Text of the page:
Feeds

One month later, Google still censors China search

Premature Mountain View worship

The Essential Guide to IT Transformation

Comment From the department of premature congratulations: One of China's best-known artists and activists just spoke out in support of Google's "decision" to stop censoring search results inside the world's most populous nation.

In a Wall Street Journal op-ed piece headlined "Google Gives Us Hope," Al Weiwei also said two of his Gmail accounts were breached by unknown intruders and messages were automatically "transferred to an unknown address." He said that even as the internet was promoting greater political participation, Chinese authorities were working hard to stifle this possibility.

"All this makes Google's decision to stop censoring to protect its China operations especially significant," he wrote. "First, it is encouraging for the Chinese people to see that a leading internet company recognizes that censorship is a violation of basic human rights and values. Such controls damage the core ethos underpinning the internet."

Perhaps no one told Weiwei that Google.cn continues to heavily censor search results exactly a month to the day after it revealed its defenses were pierced by sophisticated attacks that probably came from China. A close reading of the underlying Google post makes it unclear when, or even if, the company will ever bring China's 1.3 billion citizens the unfiltered information Weiwei says is crucial for liberty to flourish.

Google Chief Legal Officer David Drummond never said his company would stop censoring hot-button issues such as the Tiananmen Square massacre of 1989. Instead he said Google management had "decided we are no longer willing to continue censoring our results on Google.cn, and so over the next few weeks we will be discussing with the Chinese government the basis on which we could operate an unfiltered search engine within the law, if at all."

The wiggle room in that promise is big enough to drive a truck through. A spokesman declined to say when the company planned to stop censoring google.cn results and instead referred us to Drummond's post.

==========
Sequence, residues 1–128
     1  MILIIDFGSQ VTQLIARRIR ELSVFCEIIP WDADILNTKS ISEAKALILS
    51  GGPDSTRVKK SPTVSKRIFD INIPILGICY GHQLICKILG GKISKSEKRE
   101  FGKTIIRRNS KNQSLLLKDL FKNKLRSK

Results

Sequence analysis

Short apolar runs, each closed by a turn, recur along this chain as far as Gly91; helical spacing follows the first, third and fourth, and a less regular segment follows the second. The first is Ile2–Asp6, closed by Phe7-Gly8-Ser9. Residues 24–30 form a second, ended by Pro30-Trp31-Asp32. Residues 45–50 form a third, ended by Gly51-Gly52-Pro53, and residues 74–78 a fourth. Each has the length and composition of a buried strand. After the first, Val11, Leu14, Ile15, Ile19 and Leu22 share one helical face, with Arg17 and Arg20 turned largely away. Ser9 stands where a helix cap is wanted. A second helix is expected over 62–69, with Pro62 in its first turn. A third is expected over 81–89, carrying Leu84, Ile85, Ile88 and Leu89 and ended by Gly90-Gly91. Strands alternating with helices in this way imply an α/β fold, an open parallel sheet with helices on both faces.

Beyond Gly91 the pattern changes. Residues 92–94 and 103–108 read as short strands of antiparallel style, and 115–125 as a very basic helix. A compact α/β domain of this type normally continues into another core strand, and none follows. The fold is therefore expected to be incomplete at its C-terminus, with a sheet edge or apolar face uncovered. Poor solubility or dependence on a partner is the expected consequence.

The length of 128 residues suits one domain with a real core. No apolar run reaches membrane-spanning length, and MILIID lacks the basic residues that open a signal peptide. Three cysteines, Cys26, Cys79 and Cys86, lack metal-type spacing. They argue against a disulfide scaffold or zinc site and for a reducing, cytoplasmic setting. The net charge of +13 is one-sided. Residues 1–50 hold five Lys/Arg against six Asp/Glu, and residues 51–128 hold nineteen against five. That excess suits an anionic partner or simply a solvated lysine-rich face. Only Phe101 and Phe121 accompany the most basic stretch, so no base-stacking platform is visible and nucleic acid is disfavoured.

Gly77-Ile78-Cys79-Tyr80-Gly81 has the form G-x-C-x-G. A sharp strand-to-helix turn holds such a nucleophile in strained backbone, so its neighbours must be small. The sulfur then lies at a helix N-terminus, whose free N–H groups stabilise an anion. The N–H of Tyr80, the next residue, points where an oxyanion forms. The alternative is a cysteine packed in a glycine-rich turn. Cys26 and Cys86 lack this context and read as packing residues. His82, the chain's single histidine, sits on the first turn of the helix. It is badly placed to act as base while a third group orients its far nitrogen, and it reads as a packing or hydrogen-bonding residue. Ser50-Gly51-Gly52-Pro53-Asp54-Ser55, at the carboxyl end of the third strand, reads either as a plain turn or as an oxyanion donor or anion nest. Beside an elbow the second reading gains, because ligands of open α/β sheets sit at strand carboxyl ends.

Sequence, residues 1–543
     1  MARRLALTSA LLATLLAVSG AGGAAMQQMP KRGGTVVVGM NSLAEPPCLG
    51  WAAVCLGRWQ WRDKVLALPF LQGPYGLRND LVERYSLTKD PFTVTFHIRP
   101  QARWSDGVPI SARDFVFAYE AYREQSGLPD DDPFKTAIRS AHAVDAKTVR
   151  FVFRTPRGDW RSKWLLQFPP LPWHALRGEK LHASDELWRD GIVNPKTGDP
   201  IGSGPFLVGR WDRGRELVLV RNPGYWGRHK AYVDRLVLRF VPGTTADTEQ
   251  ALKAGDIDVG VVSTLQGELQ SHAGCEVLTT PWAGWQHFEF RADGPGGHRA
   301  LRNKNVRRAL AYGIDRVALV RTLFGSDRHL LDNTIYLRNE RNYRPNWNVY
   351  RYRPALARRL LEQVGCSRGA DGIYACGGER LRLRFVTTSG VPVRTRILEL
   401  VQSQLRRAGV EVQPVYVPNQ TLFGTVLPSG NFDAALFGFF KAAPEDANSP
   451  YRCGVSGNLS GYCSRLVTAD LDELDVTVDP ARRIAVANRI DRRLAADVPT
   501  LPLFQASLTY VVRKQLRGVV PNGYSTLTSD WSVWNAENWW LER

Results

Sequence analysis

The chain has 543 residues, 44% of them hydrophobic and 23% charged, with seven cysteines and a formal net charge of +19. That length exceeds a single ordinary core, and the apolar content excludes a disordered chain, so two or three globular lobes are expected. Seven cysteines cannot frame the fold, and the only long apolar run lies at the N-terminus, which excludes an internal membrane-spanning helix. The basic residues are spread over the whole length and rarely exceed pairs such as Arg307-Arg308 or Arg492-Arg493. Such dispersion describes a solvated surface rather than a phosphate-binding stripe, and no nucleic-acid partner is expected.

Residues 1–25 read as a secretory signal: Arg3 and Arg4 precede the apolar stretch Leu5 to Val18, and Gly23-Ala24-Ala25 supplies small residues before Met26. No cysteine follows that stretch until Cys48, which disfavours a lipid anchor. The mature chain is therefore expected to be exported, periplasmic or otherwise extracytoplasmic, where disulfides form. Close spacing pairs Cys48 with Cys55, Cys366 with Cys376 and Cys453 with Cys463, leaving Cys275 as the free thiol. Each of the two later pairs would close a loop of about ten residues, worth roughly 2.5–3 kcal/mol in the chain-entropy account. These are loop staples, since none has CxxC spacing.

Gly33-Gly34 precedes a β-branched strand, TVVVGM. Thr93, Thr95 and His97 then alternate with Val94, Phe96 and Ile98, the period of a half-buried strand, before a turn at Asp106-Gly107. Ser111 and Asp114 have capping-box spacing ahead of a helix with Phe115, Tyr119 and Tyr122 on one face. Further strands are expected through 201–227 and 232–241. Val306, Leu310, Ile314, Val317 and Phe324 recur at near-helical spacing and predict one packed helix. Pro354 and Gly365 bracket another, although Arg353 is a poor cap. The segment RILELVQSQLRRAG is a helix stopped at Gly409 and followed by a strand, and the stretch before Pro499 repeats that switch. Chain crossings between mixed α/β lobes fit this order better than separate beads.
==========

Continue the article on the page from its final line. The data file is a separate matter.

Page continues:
All of which has us wondering if all the hoopla about unfiltered search results was a smokescreen intended to distract world + dog from the very embarrassing admission that the world's No. 1 search engine was breached and absent a complete withdrawal from China, it isn't confident it can repel future attacks. A more cynical take might be that Google's threat has less to do with basic human rights and values and more to do with a PR-savvy exit strategy.

To be fair, it's possible Google's reticence is the result of ongoing discussions in which company executives convince Chinese officials to allow the search behemoth to remain in China even though it will no longer comply with their censorship requirements. But until Google turns off the filters, let's dispense with the congratulations. ®

Build a business case: developing custom apps

More from The Register

next story
14 antivirus apps found to have security problems
Vendors just don't care, says researcher, after finding basic boo-boos in security software
Secure microkernel that uses maths to be 'bug free' goes open source
Hacker-repelling, drone-protecting code will soon be yours to tweak as you see fit
Only '3% of web servers in top corps' fully fixed after Heartbleed snafu
Just slapping a patched OpenSSL on a machine ain't going to cut it, we're told
How long is too long to wait for a security fix?
Synology finally patches OpenSSL bugs in Trevor's NAS
Israel's Iron Dome missile tech stolen by Chinese hackers
Corporate raiders Comment Crew fingered for attacks
Roll out the welcome mat to hackers and crackers
Security chap pens guide to bug bounty programs that won't fail like Yahoo!'s
HIDDEN packet sniffer spy tech in MILLIONS of iPhones, iPads – expert
Don't panic though – Apple's backdoor is not wide open to all, guru tells us
Researcher sat on critical IE bugs for THREE YEARS
VUPEN waited for Pwn2Own cash while IE's sandbox leaked
prev story

Whitepapers

Implementing global e-invoicing with guaranteed legal certainty
Explaining the role local tax compliance plays in successful supply chain management and e-business and how leading global brands are addressing this.
The Essential Guide to IT Transformation
ServiceNow discusses three IT transformations that can help CIO's automate IT services to transform IT and the enterprise.
Consolidation: The Foundation for IT Business Transformation
In this whitepaper learn how effective consolidation of IT and business resources can enable multiple, meaningful business benefits.
How modern custom applications can spur business growth
Learn how to create, deploy and manage custom applications without consuming or expanding the need for scarce, expensive IT resources.
Build a business case: developing custom apps
Learn how to maximize the value of custom applications by accelerating and simplifying their development.